During those 120 years, Noah worked in a dual capacity.

He was a carpenter, and he was "a preacher of righteousness.”

And he was a preacher with a most unbelievable message.

However, he never watered it down.  No pun intended.

No, he confidently preached about a flood in a world that had never seen rain, and a very large ship built entirely on land.

I can almost hear their comments:


Hey, Noah!  Don't you think your building program is a little square?

Hey, Noah!  It’s going to take an awful lot of mist to float a ship like that!

~ ~ ~ ~ ~ ~

My friends, God had said, "I will destroy man whom I have created from the face of the earth --," and His word could not be broken.

However, in His grace, He provided a way of escape.  Whosoever will enter into this ark shall be saved.


Hey, Noah!  How many people have you persuaded to go into that box of yours?

Answer:  So far there are seven.

Did you hear that?  Old Noah has only had seven converts in nearly 120 years!  And aren't they your own family?

Answer:  Well, yes, they are.

Have you ever thought of changing your message to something, let us say, more geared to the needs of the people?  You'll never fill your ark with a story like that.

Answer:  Sir, it's not my job to fill the ark.  My job is to preach the word of God clearly, and to build the ark.

~ ~ ~ ~ ~ ~


And if Noah were here today, he'd say, Don't tinker with the message.  Just preach it, and God will fill the ‘ark.’


As Paul said in 1 Corinthians 3:6, "I have planted, Apollos watered; but God gave the increase."

No, Noah didn't change the message, and Noah didn't change the ark.

V 15 "And this is the fashion which thou shalt make it of: The length of the ark shall be three hundred cubits, the breadth of it fifty cubits, and the height of it thirty cubits."

If we are right in assuming that a cubit is 18 inches, then the ark was 450 feet long, 75 feet wide, and 45 feet high.

And even if we are not right about its actual measurements, the ratio between these dimensions is definitely correct.

And it's a good thing Noah didn't tinker with the plans.

You see, these dimensions are very similar in their proportions to our modern-day ocean liners.

And someone has even taken the trouble to build a small model of the ark and test it in a wave tank.

Not surprisingly, it was found to be capable of withstanding tremendous waves.

~ ~ ~ ~ ~ ~

V 16 "A window shalt thou make to the ark, and in a cubit shalt thou finish it above; and the door of the ark shalt thou set in the side thereof; with lower, second, and third stories shalt thou make it."

As you might have noticed, this little window was finished "above," and there was no indication that there were any other windows in the side of the ark. 

That's why I said the passengers probably never saw the flood.

And certainly that would be a merciful arrangement.

Otherwise, their hearts would have been torn by the site of their neighbours in their last frantic moments of struggle, and the awful scene of death thereafter.

But more to the point, those in God's ark never saw the flood waters of His judgment.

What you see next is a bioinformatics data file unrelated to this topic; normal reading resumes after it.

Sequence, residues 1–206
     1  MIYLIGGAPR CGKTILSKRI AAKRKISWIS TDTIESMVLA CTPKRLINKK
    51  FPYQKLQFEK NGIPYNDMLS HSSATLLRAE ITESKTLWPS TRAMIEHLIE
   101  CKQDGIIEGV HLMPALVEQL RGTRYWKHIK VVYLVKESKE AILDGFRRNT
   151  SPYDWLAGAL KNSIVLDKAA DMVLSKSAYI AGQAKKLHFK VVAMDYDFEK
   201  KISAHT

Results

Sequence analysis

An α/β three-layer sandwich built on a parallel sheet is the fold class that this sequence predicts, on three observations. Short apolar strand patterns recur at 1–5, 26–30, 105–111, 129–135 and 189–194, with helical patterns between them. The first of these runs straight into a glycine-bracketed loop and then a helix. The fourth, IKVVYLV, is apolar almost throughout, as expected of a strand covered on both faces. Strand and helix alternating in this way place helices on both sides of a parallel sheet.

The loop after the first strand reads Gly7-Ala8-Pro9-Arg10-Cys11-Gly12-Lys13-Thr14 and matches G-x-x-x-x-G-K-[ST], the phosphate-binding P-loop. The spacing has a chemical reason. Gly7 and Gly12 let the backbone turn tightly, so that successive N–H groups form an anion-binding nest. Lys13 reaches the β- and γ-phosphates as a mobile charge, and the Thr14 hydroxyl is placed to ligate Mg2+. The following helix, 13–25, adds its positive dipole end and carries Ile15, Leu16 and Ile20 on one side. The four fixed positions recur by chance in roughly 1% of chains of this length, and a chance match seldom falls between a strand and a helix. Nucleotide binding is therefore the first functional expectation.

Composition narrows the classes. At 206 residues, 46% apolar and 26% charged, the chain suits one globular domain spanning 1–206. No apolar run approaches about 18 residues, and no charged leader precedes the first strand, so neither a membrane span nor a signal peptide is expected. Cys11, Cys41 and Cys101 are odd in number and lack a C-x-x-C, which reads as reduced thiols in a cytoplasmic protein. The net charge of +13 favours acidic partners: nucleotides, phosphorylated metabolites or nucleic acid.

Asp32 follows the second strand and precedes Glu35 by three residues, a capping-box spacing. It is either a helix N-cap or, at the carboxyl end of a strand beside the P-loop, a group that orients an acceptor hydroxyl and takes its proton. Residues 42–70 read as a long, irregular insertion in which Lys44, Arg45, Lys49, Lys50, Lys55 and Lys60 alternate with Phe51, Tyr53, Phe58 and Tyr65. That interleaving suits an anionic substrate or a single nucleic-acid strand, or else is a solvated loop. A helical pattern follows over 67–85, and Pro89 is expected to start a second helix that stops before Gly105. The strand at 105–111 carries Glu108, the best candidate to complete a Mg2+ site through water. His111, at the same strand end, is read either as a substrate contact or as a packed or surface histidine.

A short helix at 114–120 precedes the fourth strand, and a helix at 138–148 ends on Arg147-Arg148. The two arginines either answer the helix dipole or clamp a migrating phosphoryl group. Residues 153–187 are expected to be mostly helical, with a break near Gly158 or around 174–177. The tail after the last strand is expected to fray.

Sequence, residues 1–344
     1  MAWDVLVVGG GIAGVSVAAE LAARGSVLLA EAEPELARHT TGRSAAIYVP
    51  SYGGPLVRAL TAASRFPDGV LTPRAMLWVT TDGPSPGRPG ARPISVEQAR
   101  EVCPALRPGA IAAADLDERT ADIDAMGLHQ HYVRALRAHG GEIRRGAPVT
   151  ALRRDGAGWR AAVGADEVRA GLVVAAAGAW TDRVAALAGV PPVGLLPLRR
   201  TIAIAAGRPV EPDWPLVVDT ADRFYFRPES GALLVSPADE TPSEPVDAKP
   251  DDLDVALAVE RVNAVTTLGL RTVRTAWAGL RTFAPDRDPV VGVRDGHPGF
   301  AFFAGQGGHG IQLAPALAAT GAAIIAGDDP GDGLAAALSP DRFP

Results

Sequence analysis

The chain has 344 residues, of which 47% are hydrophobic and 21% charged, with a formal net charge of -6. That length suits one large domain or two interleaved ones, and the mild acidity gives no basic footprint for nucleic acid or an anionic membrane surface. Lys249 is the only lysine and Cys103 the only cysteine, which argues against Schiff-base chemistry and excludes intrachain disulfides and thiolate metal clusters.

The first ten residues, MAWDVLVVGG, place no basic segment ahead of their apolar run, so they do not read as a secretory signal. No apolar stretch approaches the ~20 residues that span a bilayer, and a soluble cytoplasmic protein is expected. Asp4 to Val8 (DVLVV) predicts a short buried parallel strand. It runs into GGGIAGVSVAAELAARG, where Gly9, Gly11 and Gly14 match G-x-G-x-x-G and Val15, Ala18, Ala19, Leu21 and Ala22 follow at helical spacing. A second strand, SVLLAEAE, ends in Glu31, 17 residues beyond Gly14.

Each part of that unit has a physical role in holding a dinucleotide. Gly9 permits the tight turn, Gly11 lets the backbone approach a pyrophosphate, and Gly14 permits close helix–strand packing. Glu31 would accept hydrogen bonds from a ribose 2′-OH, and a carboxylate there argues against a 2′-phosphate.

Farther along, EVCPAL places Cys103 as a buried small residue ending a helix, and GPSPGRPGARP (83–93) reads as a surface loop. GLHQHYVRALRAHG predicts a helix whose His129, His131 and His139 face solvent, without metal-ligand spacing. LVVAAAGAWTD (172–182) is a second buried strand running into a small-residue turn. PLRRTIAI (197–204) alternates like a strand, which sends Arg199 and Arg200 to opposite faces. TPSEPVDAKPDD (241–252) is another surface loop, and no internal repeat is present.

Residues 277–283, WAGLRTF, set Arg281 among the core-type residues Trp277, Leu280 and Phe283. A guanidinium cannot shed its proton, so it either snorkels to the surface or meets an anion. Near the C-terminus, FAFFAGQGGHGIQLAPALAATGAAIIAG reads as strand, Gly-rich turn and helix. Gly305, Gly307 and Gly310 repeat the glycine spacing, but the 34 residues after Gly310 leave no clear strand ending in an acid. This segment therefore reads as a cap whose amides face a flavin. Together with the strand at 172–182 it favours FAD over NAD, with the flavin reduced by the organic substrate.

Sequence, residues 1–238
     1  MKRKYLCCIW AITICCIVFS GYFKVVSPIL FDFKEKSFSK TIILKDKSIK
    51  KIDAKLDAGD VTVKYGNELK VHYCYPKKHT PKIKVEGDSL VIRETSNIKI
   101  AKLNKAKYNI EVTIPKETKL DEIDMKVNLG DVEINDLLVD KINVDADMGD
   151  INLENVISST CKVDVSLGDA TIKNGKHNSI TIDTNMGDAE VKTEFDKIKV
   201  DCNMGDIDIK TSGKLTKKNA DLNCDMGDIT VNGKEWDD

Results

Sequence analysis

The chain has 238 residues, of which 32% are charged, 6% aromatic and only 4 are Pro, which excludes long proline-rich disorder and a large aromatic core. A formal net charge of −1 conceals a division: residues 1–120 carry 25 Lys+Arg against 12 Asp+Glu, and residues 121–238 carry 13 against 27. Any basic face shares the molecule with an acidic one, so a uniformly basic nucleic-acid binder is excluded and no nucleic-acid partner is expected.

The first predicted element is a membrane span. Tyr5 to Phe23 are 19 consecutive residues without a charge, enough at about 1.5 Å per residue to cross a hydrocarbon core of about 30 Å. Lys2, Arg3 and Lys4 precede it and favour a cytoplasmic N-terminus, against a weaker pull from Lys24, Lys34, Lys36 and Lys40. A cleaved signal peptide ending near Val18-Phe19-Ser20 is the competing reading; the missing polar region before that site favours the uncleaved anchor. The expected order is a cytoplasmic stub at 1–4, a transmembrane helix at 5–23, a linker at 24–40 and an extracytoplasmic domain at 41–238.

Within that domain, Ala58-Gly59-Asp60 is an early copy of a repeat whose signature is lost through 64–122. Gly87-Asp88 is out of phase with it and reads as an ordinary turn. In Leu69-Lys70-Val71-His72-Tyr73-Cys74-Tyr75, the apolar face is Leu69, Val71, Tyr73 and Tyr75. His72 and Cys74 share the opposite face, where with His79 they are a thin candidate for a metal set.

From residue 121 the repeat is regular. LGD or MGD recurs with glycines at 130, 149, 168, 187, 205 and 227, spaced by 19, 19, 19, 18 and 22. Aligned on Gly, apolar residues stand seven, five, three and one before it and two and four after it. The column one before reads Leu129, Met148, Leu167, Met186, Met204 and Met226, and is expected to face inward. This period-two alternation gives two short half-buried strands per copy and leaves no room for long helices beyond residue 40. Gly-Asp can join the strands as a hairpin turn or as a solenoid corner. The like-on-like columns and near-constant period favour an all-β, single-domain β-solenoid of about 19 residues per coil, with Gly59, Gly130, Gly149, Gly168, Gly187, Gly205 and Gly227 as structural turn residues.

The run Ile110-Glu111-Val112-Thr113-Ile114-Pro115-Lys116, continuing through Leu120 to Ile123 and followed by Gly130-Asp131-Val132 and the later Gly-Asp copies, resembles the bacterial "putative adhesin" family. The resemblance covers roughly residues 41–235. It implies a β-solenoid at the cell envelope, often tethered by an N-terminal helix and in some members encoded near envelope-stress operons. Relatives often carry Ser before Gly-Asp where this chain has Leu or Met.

And, in like manner, all those in Christ will never see judgment.

Romans 8:1 "There is therefore now no condemnation to them which are in Christ Jesus, who walk not after the flesh, but after the Spirit."

~ ~ ~ ~ ~ ~

So here we have a little 18-inch window in the top of the ark, and like any other window, you could see through it in both directions.

First of all, we will look out of the window.

We already know what they couldn't see, don't we?

They couldn't see the flood waters of judgment.

However, what Noah and his family could see, at least on a clear day, were the heavens above them, and that speaks of prayer.

And what should it be that fills the believer’s view from day to day?

Not the world around us that is reeling out of control and fast approaching judgment, but rather, our eyes should be fixed upon our Lord Jesus Christ.

In fact, Colossians 3:1-2 admonishes us, "If ye then be risen with Christ, seek those things which are above, where Christ sitteth on the right hand of God.
2: Set your affection on things above, not on things on the earth."

So with our eyes fixed on that little window, we can have peace in our world gone mad.

Oh, the ride might be rough at times, but our destination is sure, and we can take comfort in the fact that all that touches us has touched Christ first.

~ ~ ~ ~ ~ ~

However, not all believers are looking out of that window. 

And even though they are safe in the Ark , not all of them are enjoying the ride.

So keep your eyes on the pitch, and keep your vision focused out of the window!

And, "Be careful for nothing; but in every thing by prayer and supplication with thanksgiving let your requests be made known unto God.
7: And the peace of God, which passeth all understanding, shall keep your hearts and minds through Christ Jesus."
Philippians 4:6-7

~ ~ ~ ~ ~ ~

So, now that we have looked out of the window, let's consider the view from the outside in.

That would be God's view, wouldn't it?

On that awful day of judgment, God looked down in anger upon a wicked generation that had ignored His warnings for 120 years.

His period of grace was over, and only judgment remained.

The flood waters were pouring down upon their heads, and swirling around their feet.

But as it descended upon them, it also beat upon the ark with the little 18-inch window in the top.

Through it, God could see Noah and his family, but not one drop of His judgment would fall upon them.